Posted on 26/01/2015 by Dave Irons
Government proposals on construction apprenticeship funding could have far-reaching consequences throughout the industry, from those working on building new homes and commercial premises, to related disciplines like plant hire recruitment.
Throughout the sector, experience and expertise have always been highly valued, and construction remains an industry where education is largely vocational, including a wealth of on-the-job knowledge picked up by watching others work.
It is an industry in which old values still hold firm, 'respect your elders' is a watchword for professional competence, and many long-term artisans thrive on the positive word of mouth associated with their name.
But apparently non-negotiable government proposals are making it impossible for those currently in the industry to offer apprenticeships to those wishing to enter the profession, because MPs want the full cost of the apprenticeship to be paid by the employer upfront.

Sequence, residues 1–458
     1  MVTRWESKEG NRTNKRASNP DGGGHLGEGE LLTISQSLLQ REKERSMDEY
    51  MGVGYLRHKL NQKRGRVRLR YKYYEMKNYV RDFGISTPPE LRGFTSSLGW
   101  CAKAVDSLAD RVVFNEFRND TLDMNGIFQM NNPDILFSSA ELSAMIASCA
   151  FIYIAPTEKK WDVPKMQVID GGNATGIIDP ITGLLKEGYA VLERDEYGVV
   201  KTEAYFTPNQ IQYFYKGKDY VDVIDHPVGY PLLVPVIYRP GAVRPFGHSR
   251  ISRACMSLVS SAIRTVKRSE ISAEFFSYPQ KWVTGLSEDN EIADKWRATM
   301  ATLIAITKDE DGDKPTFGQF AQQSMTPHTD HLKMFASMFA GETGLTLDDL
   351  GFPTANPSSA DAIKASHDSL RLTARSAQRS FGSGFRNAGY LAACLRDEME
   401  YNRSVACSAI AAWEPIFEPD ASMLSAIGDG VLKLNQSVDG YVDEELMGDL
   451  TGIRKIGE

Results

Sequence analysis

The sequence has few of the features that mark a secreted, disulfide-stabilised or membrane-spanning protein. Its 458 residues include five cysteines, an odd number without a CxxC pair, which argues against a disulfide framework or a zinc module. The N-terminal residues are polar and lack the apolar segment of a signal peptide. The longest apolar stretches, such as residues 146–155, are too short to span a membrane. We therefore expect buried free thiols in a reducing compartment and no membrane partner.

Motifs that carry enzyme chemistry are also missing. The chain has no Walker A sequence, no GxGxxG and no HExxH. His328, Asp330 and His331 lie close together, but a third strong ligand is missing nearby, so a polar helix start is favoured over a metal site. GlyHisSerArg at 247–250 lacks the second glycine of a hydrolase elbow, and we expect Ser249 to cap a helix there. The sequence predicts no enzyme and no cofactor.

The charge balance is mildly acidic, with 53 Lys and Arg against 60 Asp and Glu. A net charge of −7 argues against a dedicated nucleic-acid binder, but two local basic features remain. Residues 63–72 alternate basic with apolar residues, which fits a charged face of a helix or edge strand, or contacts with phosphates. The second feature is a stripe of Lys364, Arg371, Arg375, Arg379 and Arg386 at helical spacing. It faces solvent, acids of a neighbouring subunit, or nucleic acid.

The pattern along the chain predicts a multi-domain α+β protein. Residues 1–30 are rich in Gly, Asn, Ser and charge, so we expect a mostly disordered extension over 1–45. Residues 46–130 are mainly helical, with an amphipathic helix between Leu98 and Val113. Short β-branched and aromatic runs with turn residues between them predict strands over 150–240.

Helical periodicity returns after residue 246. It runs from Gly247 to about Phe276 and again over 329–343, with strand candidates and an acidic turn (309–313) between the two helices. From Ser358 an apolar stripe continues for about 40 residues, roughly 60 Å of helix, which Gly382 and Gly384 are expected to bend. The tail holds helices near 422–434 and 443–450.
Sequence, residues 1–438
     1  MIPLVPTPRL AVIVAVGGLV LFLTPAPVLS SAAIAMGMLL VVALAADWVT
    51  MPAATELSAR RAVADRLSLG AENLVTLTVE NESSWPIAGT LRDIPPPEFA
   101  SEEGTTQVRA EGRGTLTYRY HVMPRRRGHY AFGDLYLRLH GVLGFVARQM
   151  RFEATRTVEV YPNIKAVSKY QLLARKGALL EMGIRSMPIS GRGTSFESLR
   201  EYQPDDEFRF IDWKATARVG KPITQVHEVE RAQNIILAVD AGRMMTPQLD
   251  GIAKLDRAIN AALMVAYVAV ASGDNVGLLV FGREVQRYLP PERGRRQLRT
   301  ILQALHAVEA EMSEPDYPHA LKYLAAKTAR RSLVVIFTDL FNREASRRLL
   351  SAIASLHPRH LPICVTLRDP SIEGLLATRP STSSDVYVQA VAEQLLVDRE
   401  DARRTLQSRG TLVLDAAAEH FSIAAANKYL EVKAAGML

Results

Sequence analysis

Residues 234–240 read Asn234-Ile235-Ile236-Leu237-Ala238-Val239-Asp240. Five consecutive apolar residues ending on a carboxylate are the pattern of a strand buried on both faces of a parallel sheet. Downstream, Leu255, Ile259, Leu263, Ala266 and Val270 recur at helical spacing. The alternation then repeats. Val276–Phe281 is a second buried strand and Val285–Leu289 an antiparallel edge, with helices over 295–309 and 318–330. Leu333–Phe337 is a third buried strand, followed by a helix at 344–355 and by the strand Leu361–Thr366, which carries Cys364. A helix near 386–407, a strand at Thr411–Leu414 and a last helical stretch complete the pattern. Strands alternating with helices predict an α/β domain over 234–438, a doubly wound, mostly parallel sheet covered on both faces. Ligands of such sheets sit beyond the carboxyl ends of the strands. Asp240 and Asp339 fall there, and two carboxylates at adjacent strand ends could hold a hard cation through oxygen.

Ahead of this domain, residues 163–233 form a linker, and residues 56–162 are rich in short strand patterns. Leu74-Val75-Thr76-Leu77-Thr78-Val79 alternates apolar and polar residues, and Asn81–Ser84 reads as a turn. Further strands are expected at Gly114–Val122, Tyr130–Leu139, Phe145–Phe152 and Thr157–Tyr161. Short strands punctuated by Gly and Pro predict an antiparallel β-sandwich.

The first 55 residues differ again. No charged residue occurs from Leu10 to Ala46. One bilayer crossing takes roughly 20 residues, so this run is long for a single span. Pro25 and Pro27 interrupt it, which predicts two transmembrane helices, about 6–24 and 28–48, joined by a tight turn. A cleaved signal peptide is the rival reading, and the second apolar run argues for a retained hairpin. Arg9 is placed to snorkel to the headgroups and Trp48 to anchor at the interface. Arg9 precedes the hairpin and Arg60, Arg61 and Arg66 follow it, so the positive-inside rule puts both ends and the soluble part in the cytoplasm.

That's like hiring a new member of staff and having to pay their first year's wages in advance, and could decimate the availability of construction apprenticeships.
Brian Berry, chief executive of the Federation of Master Builders, said: "If SME firms - particularly micro-firms - are asked to pay for apprenticeship training upfront it will have a negative impact on cash flow and increase levels of bureaucracy no matter how simple the system is."
Whatever happens in the end, the construction recruitment segment will respond accordingly, ensuring plant hire recruitment and other specialist disciplines continue to receive the good-quality candidates they need.